Off the Shelf: The narrator is a novel

By Rabbi Rachel Esserman

Some reviews are more difficult to write than others. Take, for example, “The Pages” by Hugo Hamilton (Alfred A. Knopf): Although I loved the novel, which is filled with beautiful prose and wonderful descriptions, I knew it was not for everyone. First, the narrator is a book: a first edition of Joseph Roth’s novel “The Rebellion” (published in 1924) tells the story from its limited point of view. Second, it features books that talk to each other, a terrific idea in my mind, but one that will not appeal to all readers. Third, although there is ultimately an interesting plot, some people will complain that nothing happens for chapters at a time. But that didn’t disturb me because I was so impressed with Hamilton’s prose and insights into human nature.

The particular physical version of “The Rebellion” narrating the story managed to survive the 1933 Nazi book burning. David Gluckman, a Jewish professor of German literature, gave the book to a non-Jewish student who hid the copy at great risk. It then passed to the student’s son, who lived Germany, but left for the U.S. after the Berlin Wall fell. On his deathbed, he gave the copy to his daughter, Lena, telling her to “look after this book like a little brother.” Lena, an artist, decides to visit Germany for two reasons: to seek inspiration for her next series of artwork and to learn if the map drawn by Gluckman on one of the blank pages at the back of the book has any meaning. 

The novel’s narrative moves backward and forward through time. Readers learn about Joseph Roth’s life, his marital problems and work as a journalist, in addition to the plot of “The Rebellion,” which tells the story of a soldier who lost a leg during World War I. Other sections focus on the Nazi uprising in Germany, the problems Muslim immigrants face in contemporary Germany and Lena’s adventures on her trip, including visiting family who offer her more details about her grandfather’s life during World War II. Two specific plot directions arise, both of which are realized at the end of the novel (to be more specific would ruin what surprises do occur), if not exactly the way I expected. The novel ultimately portrays the way prejudice and hatred never die, but rather just takes different forms.

However, what made me feel I was in the hands of a master writer from the opening pages of the novel was its prose. It’s difficult to offer sections out of context, but a few examples will give readers an idea of why the book spoke to me:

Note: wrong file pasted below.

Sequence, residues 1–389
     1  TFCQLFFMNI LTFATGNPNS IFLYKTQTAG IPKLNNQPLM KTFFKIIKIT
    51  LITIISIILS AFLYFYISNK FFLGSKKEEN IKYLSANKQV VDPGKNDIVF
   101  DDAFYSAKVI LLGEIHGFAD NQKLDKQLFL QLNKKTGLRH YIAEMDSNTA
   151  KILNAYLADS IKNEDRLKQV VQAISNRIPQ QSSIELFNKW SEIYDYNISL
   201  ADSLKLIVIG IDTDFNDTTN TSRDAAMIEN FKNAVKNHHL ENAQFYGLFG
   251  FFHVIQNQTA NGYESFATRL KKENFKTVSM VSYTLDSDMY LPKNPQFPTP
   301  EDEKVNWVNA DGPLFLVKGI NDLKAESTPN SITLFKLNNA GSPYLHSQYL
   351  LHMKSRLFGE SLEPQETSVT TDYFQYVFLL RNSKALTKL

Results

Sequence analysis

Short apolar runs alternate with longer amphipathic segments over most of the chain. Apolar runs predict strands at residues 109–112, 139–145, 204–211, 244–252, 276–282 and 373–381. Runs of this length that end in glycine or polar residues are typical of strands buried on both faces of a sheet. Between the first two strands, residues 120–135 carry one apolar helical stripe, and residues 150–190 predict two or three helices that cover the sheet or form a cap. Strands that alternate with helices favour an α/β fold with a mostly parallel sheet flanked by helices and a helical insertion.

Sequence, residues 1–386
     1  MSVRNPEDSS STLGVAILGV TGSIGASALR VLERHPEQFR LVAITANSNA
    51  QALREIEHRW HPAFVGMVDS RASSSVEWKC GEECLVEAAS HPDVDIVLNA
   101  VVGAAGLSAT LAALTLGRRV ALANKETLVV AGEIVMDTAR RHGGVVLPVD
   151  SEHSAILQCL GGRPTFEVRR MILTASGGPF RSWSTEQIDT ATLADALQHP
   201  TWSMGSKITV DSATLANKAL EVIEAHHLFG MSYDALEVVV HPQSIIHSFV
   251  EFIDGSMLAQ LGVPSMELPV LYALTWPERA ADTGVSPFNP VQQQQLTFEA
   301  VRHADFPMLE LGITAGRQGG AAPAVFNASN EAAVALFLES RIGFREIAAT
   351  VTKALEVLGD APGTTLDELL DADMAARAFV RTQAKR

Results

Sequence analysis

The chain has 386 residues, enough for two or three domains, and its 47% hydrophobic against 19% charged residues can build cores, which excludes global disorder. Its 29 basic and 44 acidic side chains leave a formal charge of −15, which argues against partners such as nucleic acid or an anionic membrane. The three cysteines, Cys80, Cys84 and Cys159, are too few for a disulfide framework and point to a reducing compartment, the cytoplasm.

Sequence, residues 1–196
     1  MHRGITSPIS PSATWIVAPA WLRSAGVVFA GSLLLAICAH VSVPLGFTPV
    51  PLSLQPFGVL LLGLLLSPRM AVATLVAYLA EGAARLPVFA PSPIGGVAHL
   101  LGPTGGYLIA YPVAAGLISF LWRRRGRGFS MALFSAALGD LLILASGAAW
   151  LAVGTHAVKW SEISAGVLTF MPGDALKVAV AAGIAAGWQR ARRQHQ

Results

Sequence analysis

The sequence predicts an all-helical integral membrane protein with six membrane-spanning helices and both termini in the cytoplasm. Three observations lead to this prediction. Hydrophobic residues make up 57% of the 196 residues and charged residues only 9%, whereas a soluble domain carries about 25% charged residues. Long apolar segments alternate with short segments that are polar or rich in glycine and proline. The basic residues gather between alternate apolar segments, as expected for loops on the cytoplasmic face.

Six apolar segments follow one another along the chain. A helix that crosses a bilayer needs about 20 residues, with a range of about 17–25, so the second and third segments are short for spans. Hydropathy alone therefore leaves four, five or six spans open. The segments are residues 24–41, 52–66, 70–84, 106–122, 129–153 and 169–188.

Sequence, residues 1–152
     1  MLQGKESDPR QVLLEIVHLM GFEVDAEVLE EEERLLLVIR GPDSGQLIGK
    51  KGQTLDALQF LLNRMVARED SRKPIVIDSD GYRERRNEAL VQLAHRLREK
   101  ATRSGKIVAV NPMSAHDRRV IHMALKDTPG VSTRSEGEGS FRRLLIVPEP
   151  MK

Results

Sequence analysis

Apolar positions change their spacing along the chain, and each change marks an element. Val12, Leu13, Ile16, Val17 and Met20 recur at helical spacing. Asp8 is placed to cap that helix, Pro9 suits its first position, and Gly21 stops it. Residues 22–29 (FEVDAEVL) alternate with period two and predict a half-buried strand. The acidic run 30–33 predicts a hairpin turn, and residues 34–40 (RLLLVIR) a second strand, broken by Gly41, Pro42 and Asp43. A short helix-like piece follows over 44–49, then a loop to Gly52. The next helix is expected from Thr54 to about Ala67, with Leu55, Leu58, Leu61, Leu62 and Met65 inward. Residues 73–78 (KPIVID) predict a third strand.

• A description of a cell phone: “How can a book compete with such an intelligent piece of equipment? It contains her whole life. All her private details, her photographs, her passwords, her intimate messages. It knows her mind and shapes her decisions. It does everything that a book used to. It behaves like an unfinished novel, constantly in progress, guessing her worst fears and her wildest dreams.”
  • When explaining the book burning in 1933: “Many of the books burned alive that night had something to do with the war [World War I]. Books that refused to glorify death. Non-heroic accounts of men with missing limbs and severed spines and lung trouble. Men with half faces. Berlin was full of shivering men sitting in rooms with their families unable to make sense of them. All those descriptions of casualties were to be taken out of public domain because they were deemed bad for morale and they put people off war, encouraging a poor attitude toward death and suffering.”
  • The books in a library speaking to each other once the humans in the house were asleep: “The library is awake. The books are quietly talking among themselves while the house is still silent. A low hum of voices, like a swirling cloud of pollen, hoping to take part in newly invented ecologies. Einstein compared the attempt to understand the universe to a child walking into a library. How can you figure out all the books at once? It’s like getting your head around the idea of God, or the concept of infinity – impossible to grasp that entire constellation.”

I found “The Pages” a brilliant, if imperfect, work. At times, it seemed directionless – as if it was trying to cover too much material and lost its momentum – but I’m glad I kept reading. That’s because parts of its final chapters left me breathless and amazed at the wisdom they offered.